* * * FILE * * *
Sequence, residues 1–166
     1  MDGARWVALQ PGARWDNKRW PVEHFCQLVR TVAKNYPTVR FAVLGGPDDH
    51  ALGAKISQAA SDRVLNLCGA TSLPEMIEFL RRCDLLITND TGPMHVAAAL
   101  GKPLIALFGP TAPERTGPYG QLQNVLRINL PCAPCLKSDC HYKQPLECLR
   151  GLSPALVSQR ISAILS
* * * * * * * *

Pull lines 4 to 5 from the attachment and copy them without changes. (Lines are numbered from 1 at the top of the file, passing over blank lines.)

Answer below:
   101  GKPLIALFGP TAPERTGPYG QLQNVLRINL PCAPCLKSDC HYKQPLECLR
   151  GLSPALVSQR ISAILS